Simple Exercises Pregnant Women Can Do at Home


It can be difficult to find exercises that are safe but that also challenge you when you’re pregnant. Here are some simple yet effective exercises you can do at home throughout your pregnancy. Be sure to get your doctor’s clearance to exercise, and avoid any exercises that feel uncomfortable or cause sharp pain. Your body will tell you everything, so listen. Every pregnant body is different.


You can do this exercise while standing up or sitting on a ball, stool or bench that allows you to reach your arms out to the sides and behind you. Hold a 2-pound weight—or a full 1-liter water bottle—in each hand. Keep your chest lifted, your shoulders down and your abs engaged.

  1. Reach your arms out to the sides, keeping them slightly bent and held slightly in front of the body. Circle your arms backward 20 times and forward 20 times. Keeping your arms outstretched to the sides, pulse them up and down with small movements 40 times.
  2. Hold your arms parallel in front of your body and bent at a 90-degree angle, with the elbows lifted to shoulder level and the palms facing the face while holding the weights. Pulse the arms up and down 30 times in this position.
  3. Lean forward, reach above your waist behind you with your palms facing the ceiling. Keep your shoulders down and your chest reaching forward. Bend your knees slightly if you’re standing. Pulse your arms up and down 30 times in this position.


  1. Sit on a mat with your legs bent in front of you slightly wider than hip distance apart, with your feet on the ground. Place a small ball or a triple-folded towel behind your back. Lean back on the ball or towel so that your pelvis is slightly tilted under. Keep your shoulders open and your chest lifted.
  • Hold weights in each hand, and start leaning forward with both arms reaching forward (slightly above shoulder level) in front of your body. While keeping the left arm reaching forward, pull your right elbow back toward the side of your right hip while leaning your upper body slightly back on the ball. Repeat 15 times and then switch sides.
  • Lean back slightly on the ball or towel while reaching both arms straight forward and pulling the navel into the spine. Pulse back on the ball 20 times while crossing your arms in front of your body. With each pulse back, switch the arm crosses.
  1. Stand about 6 inches from a wall, facing away from it, and lean your body back against it. Try to keep your upper body lifted with your shoulders open, and allow your lower spine to naturally curve away from the wall.
  • Inhale slowly and relax your muscles. Then exhale slowly while flattening your lower spine against the wall and pulling your navel into your spine. Release your spine and relax your abdominal muscles as you inhale again, then repeat 10 times.
    • Try doing a Kegel exercise every time you exhale and pull your navel into your spine. (Kegels incorporate the muscles you use to stop the flow of urine. Be sure to keep your glutes relaxed.)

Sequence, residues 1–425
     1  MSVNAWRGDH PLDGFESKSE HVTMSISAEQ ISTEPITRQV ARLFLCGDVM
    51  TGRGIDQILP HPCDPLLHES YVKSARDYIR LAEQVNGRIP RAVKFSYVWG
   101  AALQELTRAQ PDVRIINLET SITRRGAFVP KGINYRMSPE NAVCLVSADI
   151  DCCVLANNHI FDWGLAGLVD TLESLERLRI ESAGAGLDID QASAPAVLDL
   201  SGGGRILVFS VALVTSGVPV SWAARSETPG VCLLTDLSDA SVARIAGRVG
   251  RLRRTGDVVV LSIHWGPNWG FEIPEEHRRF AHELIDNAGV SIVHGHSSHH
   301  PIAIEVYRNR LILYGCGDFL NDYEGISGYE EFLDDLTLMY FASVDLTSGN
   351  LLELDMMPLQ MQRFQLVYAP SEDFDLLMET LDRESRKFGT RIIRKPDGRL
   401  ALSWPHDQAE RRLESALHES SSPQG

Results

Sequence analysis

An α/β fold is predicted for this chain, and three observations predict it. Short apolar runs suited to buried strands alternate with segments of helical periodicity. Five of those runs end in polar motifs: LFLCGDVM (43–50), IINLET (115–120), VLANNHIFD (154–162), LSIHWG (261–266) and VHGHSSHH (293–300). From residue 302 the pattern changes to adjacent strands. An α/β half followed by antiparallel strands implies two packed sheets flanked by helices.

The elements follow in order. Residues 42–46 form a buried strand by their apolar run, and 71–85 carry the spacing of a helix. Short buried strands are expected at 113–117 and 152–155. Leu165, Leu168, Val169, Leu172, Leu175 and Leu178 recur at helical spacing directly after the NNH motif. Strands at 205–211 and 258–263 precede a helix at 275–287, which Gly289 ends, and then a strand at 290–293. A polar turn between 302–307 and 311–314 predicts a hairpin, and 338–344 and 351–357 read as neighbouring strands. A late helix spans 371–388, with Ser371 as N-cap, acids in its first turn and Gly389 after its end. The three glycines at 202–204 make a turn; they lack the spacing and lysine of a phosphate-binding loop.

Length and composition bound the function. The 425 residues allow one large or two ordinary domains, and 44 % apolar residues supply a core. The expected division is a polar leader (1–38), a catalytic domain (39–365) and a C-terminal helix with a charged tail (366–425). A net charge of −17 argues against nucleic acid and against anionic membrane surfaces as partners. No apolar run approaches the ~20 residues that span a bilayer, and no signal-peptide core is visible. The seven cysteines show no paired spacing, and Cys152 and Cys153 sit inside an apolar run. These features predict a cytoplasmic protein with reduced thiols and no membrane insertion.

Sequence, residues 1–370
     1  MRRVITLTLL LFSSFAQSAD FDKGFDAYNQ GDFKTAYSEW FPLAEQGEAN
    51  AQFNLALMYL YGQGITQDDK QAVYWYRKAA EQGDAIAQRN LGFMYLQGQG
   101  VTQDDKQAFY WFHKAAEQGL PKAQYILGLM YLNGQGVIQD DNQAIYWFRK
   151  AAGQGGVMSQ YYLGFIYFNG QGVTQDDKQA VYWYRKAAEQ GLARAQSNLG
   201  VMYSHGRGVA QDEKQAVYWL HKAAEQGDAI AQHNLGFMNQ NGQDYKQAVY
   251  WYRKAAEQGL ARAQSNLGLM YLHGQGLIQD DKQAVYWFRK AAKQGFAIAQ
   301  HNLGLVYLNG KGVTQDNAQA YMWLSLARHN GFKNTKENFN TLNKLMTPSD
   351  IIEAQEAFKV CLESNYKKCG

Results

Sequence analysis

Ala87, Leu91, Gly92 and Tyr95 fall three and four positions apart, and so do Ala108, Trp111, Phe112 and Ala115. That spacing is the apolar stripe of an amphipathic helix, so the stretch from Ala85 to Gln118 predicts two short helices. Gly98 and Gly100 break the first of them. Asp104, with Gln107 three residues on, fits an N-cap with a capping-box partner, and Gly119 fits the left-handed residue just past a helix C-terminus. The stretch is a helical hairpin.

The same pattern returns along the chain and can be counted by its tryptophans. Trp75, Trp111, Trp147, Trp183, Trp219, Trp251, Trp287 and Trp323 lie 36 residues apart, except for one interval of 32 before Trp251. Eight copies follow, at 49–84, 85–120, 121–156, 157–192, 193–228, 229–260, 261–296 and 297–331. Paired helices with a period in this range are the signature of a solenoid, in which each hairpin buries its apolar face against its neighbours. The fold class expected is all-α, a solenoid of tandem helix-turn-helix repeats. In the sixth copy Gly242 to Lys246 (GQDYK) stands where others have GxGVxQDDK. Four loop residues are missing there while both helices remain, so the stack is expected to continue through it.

• Try holding your spine flat against the wall while you do 25 kegels before releasing from the wall and relaxing your muscles. Keep your breath flowing freely throughout.

Thighs and Glutes

Because your center of gravity changes as you get more and more pregnant, it’s helpful to stand in front of a table or ledge to rest your hands. Stand with your legs open slightly wider than the hips and with your toes turned out approximately 45 degrees. Try to keep your shoulders open and relaxed and your chest lifted, and do not lean forward through your pelvis. If the exercise feels too difficult, straighten your legs for a few seconds before continuing.

  1. Bend your knees to a low plié, keeping your knees out and directly over your toes. Try to bend down to 90 degrees without leaning forward. Pulse up and down in this position with small movements 25 times.
  2. While engaging your abs and inner thighs, straighten both legs and pull your right heel in next to your left heel. Extend the right leg and toes out to the side, and return to the low open plié position. Pull your legs straight in again and repeat to a low plié 10 times. Repeat on the other side.
  3. Return to the standing position with both heels together. Lift your right leg straight behind you about 45 degrees, and pulse your leg up and down 20 times. Then return to a low open plié position and pulse up and down 10 times. Stand up straight and repeat for two complete sets. Then repeat on the other side.

Mahri Relin is founder and creator of New York City’s Body Conceptions, a full-body lengthening and sculpting method that combines the principles of dynamic movement and muscle exhaustion. Relin is a former trainer for the Tracy Anderson Method. She was creative director for FlyBarre, is a NASM certified personal trainer and corrective exercise specialist, and is an AFPA pre/postnatal exercise specialist.